God is likened to a shepherd who searches until he retrieves the lost sheep.
God is likened to a woman scouring the house until she finds the lost coin.
|Rembrandt's Prodigal Son|
In all three parables, God never gives up on us. Like the “hound of heaven” in Francis Thompson’s poem, God relentlessly pursues us until he catches up with us.
God loves us unconditionally, forgives us unconditionally and accepts us unconditionally.
Here are two modern-day true stories: one about the lack of forgiveness; the other about forgiveness.
Simon Weisenthal in his book The Sunflower raised the question: how does one forgive the unforgivable, when many in his family died in Nazi concentration camps. One day, a young SS trooper who was dying told Weisenthal how his SS unit herded Jews into a building, doused it with gasoline and shot those who tried to escape. This horrible atrocity haunted him. The young soldier begged Weisenthal for forgiveness.
Weisenthal got up and left without saying a word.
Later on, this troubled Weisenthal. Should he have forgiven the dying soldier. Weisenthal concludes with a question: What would you have done if you were in my shoes?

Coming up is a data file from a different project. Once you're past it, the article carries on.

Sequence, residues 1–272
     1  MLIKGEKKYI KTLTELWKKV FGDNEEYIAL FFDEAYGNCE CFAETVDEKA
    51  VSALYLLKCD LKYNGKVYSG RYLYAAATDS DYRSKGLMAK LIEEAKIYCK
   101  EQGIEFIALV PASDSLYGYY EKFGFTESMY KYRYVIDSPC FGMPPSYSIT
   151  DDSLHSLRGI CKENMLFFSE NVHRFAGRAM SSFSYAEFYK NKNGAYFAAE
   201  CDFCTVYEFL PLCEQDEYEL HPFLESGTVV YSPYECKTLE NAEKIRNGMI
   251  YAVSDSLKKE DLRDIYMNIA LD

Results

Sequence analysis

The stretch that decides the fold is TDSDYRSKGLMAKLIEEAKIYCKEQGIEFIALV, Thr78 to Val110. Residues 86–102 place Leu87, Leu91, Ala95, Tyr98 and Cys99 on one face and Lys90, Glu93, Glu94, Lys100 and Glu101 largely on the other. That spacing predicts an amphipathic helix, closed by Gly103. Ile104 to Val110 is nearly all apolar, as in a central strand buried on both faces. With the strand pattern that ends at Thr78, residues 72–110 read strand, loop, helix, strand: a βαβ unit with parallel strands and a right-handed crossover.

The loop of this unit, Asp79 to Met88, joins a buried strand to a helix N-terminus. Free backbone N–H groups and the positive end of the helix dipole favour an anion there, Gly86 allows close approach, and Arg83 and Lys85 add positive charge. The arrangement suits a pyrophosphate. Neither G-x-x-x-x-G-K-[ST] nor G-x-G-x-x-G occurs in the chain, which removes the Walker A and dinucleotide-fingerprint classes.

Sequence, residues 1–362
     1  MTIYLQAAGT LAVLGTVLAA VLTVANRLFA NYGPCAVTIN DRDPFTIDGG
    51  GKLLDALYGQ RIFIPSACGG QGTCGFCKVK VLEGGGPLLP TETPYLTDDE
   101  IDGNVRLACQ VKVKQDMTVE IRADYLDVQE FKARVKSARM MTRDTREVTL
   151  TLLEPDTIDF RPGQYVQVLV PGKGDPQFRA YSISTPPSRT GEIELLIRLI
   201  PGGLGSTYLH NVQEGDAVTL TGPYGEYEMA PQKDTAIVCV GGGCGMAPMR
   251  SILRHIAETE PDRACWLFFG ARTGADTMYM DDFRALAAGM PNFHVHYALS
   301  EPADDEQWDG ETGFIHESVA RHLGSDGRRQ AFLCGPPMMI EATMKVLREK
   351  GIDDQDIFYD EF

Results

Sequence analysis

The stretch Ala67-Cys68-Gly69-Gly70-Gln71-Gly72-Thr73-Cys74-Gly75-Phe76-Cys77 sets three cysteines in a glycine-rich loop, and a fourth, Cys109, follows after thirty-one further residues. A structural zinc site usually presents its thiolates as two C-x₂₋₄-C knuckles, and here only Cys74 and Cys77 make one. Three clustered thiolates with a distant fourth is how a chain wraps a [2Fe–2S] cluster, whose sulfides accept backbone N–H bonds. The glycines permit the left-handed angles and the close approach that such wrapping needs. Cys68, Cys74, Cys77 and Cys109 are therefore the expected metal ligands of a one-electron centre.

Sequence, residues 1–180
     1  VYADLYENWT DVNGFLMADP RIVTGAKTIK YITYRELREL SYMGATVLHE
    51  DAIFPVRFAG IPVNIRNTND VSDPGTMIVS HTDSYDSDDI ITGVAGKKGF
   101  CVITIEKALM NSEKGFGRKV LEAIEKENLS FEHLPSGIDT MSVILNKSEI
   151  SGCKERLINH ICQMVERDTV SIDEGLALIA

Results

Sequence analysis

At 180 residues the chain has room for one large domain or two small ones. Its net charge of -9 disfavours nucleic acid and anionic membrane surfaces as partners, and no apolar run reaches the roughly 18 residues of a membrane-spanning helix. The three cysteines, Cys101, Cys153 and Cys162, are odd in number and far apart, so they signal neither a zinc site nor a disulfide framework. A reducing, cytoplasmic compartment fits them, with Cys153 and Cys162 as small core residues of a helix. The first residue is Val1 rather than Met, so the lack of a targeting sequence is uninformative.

Now put yourself in the young soldier's shoes. What if others are unable to forgive you. And what about people we've wounded who won't forgive us.
It is then that Jesus steps into the shoes of the Simon Weisenthals and comes to our broken hearts.
The gospel challenges us to forgive. And if we want forgiveness, and the people we have wounded can't or won't, Jesus Christ will stand in their place. This is also why Jesus gave us the sacrament of penance or reconciliation. It's the place where we are reconciled to God.
We looked at a true story about lack of forgiveness; here's one about forgiving.
In 1983 during the Christmas season, two men sat in a prison cell in Rome. TIME magazine described the photo: in an extraordinary moment of grace the violence in St. Peter's Square was transformed. In a bare, white-wall cell, John Paul II tenderly held the hand that had held the gun that was meant to kill him.
For 21 minutes, the Pope sat with his would-be assassin. The Pope forgave him. That photo challenges us to forgive.
A folk wisdom says: “forgive and forget.” Sometimes we can’t forgive unless we remember: for example, a once happy relationship, then a wrong done. At times, we have to forgive ourselves and others so we can move forward.
Sometimes to forgive as Christ forgives is impossible to do on our own. But Christ doesn’t ask us to be on our own. He asks that we participate in his gift. God has already forgiven those who are truly sorry—all he asks us to do is to participate in his act of forgiveness.